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  27. mcdonaldb2013 April 28, 2015 / 1:48 pm

    I get that this may not have been the best way of going about opening up race conversations but you cant blame a company for tryingg. Everything is so cliche these days and I appreciate the bold move by Starbucks to get the conversation going, I just don’t know if it was done in the right manner. I do think though going through a coffee company to start hard discussions isnt a bad idea. Getting coffee used to be a social thing where you sat down and talked to people, now its just something you grab and go without even looking at the person next to you in line. Maybe slowing down and talking about these issues in a casual setting is just what we need.

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  28. Jimmy Clark April 28, 2015 / 11:15 pm

    Going into Starbucks to participate in a race conversation is not something that most people would expect or actually like to say the least. Race conversations are just way too controversial and it could cause some of their customers to become offended. Coffee shops are seen to be a relaxing and peaceful environment, and going with this move is not only take that away, but it’s also gonna make people become more hostile. Using less controversial issues could be a good pitch as far as sales opportunity, but I would try sticking to something that doesn’t put their company in danger.

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  29. Ryan Zdanwich April 29, 2015 / 1:37 am

    I think that Starbucks definitely has a really interesting approach on promoting their business, but to me it only serves as a bold marketing stunt to gain awareness and publicity. They have the right idea involving people into issues that relate to the present day, however that may even stir up anger considering it is a strong subject to certain people.

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  30. John Parrish April 29, 2015 / 6:10 pm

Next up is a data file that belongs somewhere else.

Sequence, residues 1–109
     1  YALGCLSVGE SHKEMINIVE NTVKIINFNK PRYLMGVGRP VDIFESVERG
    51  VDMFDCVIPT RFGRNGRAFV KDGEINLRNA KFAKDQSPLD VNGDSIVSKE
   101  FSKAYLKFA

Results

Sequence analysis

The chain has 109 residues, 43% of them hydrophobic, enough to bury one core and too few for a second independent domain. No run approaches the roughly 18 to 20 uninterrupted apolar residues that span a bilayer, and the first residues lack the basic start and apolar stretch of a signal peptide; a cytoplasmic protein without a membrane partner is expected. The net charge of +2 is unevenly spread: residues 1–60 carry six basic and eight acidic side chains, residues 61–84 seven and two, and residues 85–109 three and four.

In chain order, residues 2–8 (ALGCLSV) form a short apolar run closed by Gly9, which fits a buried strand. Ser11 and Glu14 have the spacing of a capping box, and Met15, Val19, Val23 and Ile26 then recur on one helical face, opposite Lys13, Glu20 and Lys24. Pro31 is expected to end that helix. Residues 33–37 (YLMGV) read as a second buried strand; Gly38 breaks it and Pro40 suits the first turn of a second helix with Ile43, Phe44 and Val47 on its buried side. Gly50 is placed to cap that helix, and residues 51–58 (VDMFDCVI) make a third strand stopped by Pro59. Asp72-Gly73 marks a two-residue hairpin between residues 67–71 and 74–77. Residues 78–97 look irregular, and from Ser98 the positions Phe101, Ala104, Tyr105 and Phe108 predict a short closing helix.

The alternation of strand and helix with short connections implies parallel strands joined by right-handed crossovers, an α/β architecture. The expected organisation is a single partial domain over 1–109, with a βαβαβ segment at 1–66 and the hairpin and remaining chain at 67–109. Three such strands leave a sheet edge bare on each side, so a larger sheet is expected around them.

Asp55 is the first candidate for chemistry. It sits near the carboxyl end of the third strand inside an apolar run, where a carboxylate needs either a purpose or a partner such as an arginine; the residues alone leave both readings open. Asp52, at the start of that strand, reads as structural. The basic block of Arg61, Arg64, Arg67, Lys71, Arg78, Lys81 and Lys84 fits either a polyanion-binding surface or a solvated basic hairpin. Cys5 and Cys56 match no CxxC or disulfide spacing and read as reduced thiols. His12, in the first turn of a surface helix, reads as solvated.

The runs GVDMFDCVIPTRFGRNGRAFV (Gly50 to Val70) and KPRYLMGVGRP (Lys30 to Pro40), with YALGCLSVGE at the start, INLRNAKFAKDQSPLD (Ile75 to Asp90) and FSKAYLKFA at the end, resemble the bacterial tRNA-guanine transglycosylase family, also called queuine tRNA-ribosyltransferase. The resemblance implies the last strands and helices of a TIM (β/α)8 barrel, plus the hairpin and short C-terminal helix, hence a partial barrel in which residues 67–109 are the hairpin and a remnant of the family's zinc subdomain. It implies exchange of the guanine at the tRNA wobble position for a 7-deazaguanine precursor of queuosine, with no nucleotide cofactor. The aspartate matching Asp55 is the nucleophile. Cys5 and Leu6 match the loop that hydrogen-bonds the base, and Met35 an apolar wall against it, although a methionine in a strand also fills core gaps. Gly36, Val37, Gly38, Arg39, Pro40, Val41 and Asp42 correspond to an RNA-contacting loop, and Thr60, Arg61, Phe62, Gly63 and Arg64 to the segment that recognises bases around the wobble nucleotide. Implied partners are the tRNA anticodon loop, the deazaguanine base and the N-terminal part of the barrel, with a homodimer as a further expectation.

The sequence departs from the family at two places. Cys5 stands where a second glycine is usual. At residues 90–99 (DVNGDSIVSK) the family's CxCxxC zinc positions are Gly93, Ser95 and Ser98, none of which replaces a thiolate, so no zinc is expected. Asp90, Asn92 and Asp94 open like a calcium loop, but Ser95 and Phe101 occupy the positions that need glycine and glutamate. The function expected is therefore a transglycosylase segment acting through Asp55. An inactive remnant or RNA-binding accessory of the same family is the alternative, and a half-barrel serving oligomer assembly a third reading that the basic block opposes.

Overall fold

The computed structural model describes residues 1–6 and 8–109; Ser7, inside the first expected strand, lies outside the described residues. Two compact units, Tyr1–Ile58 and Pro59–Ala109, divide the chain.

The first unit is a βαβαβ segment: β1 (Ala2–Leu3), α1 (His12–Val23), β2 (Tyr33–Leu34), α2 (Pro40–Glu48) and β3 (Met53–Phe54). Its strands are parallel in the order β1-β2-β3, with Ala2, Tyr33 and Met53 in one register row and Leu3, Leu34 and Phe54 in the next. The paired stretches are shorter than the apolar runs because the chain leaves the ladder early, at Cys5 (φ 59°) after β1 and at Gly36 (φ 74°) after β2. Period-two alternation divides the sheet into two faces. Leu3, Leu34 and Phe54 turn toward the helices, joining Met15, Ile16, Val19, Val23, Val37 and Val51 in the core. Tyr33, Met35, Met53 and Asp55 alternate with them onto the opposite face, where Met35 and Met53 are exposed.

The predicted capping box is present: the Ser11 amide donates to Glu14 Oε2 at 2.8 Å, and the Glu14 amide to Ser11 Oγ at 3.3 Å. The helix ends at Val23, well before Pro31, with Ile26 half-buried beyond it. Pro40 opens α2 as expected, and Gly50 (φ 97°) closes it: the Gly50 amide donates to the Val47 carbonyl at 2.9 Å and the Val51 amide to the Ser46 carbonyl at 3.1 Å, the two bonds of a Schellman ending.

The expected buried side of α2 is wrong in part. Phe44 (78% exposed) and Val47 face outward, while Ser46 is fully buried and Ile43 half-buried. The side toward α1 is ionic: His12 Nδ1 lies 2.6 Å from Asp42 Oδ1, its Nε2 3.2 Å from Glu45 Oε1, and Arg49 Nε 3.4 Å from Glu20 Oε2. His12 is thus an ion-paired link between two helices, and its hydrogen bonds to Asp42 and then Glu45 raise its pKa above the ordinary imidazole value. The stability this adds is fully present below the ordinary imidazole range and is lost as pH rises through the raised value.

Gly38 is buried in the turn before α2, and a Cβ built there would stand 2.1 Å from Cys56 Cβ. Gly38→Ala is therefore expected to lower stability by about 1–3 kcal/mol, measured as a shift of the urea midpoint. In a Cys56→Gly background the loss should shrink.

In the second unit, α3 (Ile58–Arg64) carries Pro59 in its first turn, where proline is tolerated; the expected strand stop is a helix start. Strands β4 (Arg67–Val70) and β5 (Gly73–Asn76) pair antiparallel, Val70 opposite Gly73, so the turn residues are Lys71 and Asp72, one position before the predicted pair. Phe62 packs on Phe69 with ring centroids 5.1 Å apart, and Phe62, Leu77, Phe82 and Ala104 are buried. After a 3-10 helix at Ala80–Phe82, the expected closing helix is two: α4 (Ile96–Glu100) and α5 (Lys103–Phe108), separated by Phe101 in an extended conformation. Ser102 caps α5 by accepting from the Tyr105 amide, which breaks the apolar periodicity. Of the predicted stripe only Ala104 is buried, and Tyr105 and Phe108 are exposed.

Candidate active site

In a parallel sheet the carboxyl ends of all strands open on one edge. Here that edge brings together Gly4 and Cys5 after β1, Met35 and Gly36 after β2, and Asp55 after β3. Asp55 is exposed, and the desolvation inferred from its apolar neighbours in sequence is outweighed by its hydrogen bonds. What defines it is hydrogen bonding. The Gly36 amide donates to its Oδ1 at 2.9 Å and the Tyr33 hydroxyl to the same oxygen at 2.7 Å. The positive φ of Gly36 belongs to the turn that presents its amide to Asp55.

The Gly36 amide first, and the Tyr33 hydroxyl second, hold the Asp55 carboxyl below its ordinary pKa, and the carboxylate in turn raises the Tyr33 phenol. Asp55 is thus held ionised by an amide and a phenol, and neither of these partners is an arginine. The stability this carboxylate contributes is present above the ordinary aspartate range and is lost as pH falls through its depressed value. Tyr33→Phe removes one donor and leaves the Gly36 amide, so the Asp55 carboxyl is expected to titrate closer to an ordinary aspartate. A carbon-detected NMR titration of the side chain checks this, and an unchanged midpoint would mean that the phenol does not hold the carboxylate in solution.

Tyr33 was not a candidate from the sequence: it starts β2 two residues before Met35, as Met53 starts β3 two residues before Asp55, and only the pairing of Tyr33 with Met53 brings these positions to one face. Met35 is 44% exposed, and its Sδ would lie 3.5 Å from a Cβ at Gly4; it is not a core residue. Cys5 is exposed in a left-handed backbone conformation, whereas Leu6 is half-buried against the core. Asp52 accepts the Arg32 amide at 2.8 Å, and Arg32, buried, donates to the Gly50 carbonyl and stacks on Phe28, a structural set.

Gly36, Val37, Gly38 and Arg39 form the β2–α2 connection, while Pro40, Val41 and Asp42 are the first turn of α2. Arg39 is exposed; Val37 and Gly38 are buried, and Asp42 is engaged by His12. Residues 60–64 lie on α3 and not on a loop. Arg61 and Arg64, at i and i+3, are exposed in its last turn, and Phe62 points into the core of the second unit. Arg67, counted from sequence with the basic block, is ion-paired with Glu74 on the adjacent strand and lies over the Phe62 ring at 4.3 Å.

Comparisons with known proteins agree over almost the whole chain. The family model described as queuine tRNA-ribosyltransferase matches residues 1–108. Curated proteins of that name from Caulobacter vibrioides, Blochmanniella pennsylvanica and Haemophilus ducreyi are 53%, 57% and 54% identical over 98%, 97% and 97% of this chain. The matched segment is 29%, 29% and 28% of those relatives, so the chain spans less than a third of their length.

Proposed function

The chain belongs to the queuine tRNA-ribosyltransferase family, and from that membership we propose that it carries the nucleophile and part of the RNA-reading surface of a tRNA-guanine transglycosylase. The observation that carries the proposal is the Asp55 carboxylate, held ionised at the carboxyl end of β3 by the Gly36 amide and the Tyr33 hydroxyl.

It seems that Starbucks had the right idea in mind that they wanna dissolve race issues, but with the poor execution made it come off somewhat negative. I don’t usually go to Starbucks, but when I go to get coffee I’m usually in and out. I know Starbucks wants to be that coffee lounge where people hangout during their free time, but it seem that they are just another big coffee chain where people go to get their fix and get back to work. The topic is fairly controversial especially now, so I think this was a case of poor marketing.

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  31. Eva Trinidad May 8, 2015 / 2:23 am

    I also think that Starbucks should only focus on making and selling their products only. Advertising this type of topic will only get the customers mad; Starbucks needs to take into account that not everyone has the same opinion about different issues in the world and advertising one specifically could just bring problems to the company. Starbucks should maintain their focus on their business mission and not go out of it.

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  32. Alicia April 7, 2016 / 8:11 pm

    Racism is a sensitive subject, no matter where somebody is. I understand Starbucks as a place for people to grab a coffee, or breakfast before work and as a place for people to relax while catching up on “me time”. I also understand the Starbuck’s CEO wanting to help make a difference in the world. Something as small as writing something on a cup of coffee or putting sticker on it, does not seem like a big deal. However, actually trying to start up a conversation with a customer on a topic like racism might not be the best way to initiate making a change. You never know how that person thinks of racism and if something ever happened in a store location because of it, it turn into a much bigger issue.